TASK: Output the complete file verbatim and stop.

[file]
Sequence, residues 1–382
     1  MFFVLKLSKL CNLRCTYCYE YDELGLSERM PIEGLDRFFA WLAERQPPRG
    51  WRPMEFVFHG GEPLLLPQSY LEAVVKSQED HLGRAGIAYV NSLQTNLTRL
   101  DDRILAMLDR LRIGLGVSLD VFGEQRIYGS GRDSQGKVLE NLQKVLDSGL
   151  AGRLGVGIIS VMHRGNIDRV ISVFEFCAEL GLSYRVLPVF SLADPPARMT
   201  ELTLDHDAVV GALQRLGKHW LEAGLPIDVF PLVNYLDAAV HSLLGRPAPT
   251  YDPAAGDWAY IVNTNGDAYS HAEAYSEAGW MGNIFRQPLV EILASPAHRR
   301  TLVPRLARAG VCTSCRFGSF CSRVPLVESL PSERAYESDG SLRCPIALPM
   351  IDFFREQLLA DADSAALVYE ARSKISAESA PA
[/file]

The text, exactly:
Sequence, residues 1–382
     1  MFFVLKLSKL CNLRCTYCYE YDELGLSERM PIEGLDRFFA WLAERQPPRG
    51  WRPMEFVFHG GEPLLLPQSY LEAVVKSQED HLGRAGIAYV NSLQTNLTRL
   101  DDRILAMLDR LRIGLGVSLD VFGEQRIYGS GRDSQGKVLE NLQKVLDSGL
   151  AGRLGVGIIS VMHRGNIDRV ISVFEFCAEL GLSYRVLPVF SLADPPARMT
   201  ELTLDHDAVV GALQRLGKHW LEAGLPIDVF PLVNYLDAAV HSLLGRPAPT
   251  YDPAAGDWAY IVNTNGDAYS HAEAYSEAGW MGNIFRQPLV EILASPAHRR
   301  TLVPRLARAG VCTSCRFGSF CSRVPLVESL PSERAYESDG SLRCPIALPM
   351  IDFFREQLLA DADSAALVYE ARSKISAESA PA